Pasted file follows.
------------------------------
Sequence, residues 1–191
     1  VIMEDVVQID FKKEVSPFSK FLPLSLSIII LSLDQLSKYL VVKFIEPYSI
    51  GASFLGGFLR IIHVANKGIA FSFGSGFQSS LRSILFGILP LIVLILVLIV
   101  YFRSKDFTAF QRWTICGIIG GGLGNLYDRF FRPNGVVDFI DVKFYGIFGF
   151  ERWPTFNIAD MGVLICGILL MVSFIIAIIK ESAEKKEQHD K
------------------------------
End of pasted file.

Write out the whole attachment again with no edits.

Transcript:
Sequence, residues 1–191
     1  VIMEDVVQID FKKEVSPFSK FLPLSLSIII LSLDQLSKYL VVKFIEPYSI
    51  GASFLGGFLR IIHVANKGIA FSFGSGFQSS LRSILFGILP LIVLILVLIV
   101  YFRSKDFTAF QRWTICGIIG GGLGNLYDRF FRPNGVVDFI DVKFYGIFGF
   151  ERWPTFNIAD MGVLICGILL MVSFIIAIIK ESAEKKEQHD K